You know those moments when your conscious mind separates from the body and you briefly become an observer of your own actions? You watch your lips move and hear yourself rambling on and on, lecturing your younger coworker about life. You’re horrified at how cynical you sound, but you can’t stop yourself. It is in that moment, watching yourself from the outside in, that you realize you have become a jaded thirtysomething. Do you know that moment? No? Allow me to elaborate.
I was talking to a 21-year-old coworker of mine. A sweet, hopeful, hardworking, lovely young gem of a person. He had overheard me discussing a friend’s failed marriage and seemed confused. I tried to explain to him that marriage was a wonderful thing, but it can also be, well, difficult. “I’m excited to get older and get married,” he said. “Life gets easier when you’re older.” My head spun on him like I was in “The Exorcist.” “WHAT?” I snorted, “Are you kidding me? Life just gets harder.”
His eyes widened. “No…” he argued, “it gets easier.”
“No, you’re wrong.” I pressed, and as I continued to explain the onerous nature of life, my tone becoming more insistent, I realized I wasn’t talking to my coworker anymore. I was talking to myself. Specifically, my idealistic 21-year-old self. Keep reading »
He seemed sweet at first. In fact, he had many sweet moments. But then there was the other stuff …
Abusive behavior isn’t as simple as we, as a society, want it to be. We often think that the kinds of signs that tell you a man could be abusive are very obvious. We imagine monsters, overtly misogynist thugs. We think of extreme physical violence as being the key – or the only – signifier. But often the violence doesn’t start until a relationship is already established – sometimes not until after a woman has moved in with her boyfriend, marries him, or becomes pregnant. In fact, the leading cause of death in pregnant women is domestic homicide, which is to say they are killed by their intimate partners. If we limit our understanding of abusive behavior to physical violence, we risk ignoring other red flags we should be heeding. Keep reading »
A few weeks before my wedding, I was in the dinnerware section of Macy’s with my friend Sam. I was talking about all the things that were wrong with my relationship, and she asked me, “Are you sure you want to do this?” My response: “At this point, I’ve put so much effort into this relationship that I have to make it work.”
Let’s reinterpret that: “I’m unhappy, and I know I should leave, but I’m so desperate to make all the sacrifices I’ve made worthwhile that I’m not going to.” Keep reading »
I started dating immediately after I told my now-ex that I wanted to get a divorce. This was because, as one of my friends very aptly put it, I wasn’t really “rebounding” so much as just “bounding” — rebounding assumes that you’re bouncing off of something, and I wanted a divorce because my marriage no longer qualified as a relationship. A relationship is the state in which two things or people are connected to each other; we were not that so much as one person making loud proclamations about what the other should be and the other, by the end, just going “NO” (and this is a generous description of a very unhealthy situation). I was definitely bounding out of and away from that, and gleefully. Keep reading »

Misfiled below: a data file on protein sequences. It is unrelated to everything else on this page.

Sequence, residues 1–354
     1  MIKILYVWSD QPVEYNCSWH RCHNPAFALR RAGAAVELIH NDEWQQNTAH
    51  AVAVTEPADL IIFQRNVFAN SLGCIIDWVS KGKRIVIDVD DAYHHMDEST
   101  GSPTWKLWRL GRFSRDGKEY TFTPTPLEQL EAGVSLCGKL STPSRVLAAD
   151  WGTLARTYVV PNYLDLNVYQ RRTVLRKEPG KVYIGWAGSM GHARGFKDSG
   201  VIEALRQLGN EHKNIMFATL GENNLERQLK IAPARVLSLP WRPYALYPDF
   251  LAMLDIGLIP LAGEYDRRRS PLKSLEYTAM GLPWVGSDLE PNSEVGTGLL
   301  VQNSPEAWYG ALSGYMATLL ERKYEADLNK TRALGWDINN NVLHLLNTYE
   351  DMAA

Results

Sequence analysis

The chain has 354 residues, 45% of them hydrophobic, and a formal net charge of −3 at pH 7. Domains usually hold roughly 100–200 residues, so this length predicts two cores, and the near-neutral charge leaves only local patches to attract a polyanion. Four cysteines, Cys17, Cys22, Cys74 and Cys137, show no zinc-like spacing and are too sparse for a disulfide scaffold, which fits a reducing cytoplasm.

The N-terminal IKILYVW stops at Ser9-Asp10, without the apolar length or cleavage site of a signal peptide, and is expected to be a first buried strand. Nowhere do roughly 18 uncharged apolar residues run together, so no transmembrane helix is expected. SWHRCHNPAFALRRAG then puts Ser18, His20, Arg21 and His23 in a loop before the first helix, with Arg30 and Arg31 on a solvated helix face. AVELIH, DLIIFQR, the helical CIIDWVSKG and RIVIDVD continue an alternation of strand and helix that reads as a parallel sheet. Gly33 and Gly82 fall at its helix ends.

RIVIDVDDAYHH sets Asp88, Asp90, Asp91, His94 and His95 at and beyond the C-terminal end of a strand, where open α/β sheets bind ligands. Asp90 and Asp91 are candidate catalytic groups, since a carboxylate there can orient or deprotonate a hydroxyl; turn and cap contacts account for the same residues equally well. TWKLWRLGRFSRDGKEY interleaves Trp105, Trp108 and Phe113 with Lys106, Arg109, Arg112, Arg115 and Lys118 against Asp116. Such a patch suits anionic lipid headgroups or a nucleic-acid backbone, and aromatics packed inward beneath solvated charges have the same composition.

I was born with Freeman-Sheldon Syndrome, a genetic bone and muscular disorder. I had 26 surgeries by my 16th birthday, so hospital rooms and intimidating doctors’ offices quickly became the backdrop of my childhood, filling up metaphorical pages that other kids had reserved for dirt hill races and princess tea parties with their stuffed animals. Growing up, I was always a little different than my peers. This wasn’t necessarily a bad thing. It just boiled down to different life experiences that I was having. I spent a lot of time reading, but it was tough to relate to the characters’ adventures when my world often seemed confined to a small, square hospital room.
Then a little book called The Fault In Our Stars came along. Keep reading »
My best friend works at a handmade art market in Portland. She meets a lot of interesting people when she’s sitting at her booth selling necklaces — earth mamas who share recipes for homemade toothpaste, wood carvers who claim very matter-of-factly that they were born on a different planet, chakra healers and aura seers and everyone in between. A few weeks ago, she texted me about a young hippie writer who had stopped by the market as part of his nomadic journey across the country and offered to pay for his items with “trippy treats” instead of money (I die for details like this).
“He said something really cool while we were talking,” she wrote in her message. “He said that life is about choosing paths. We all must choose a path at any given time, and there is no right or wrong path, but there is always a path with more heart. When you choose the path with more heart, life becomes easier and happier.”
I stared at her text for a moment, letting the words sink in. I thought about all the paths I’ve taken, the way I’ve drastically altered the course of my life over the past few years, the way I’ve been itching to alter it again, and damn, let me tell you: hippie kid knows what’s up. Keep reading »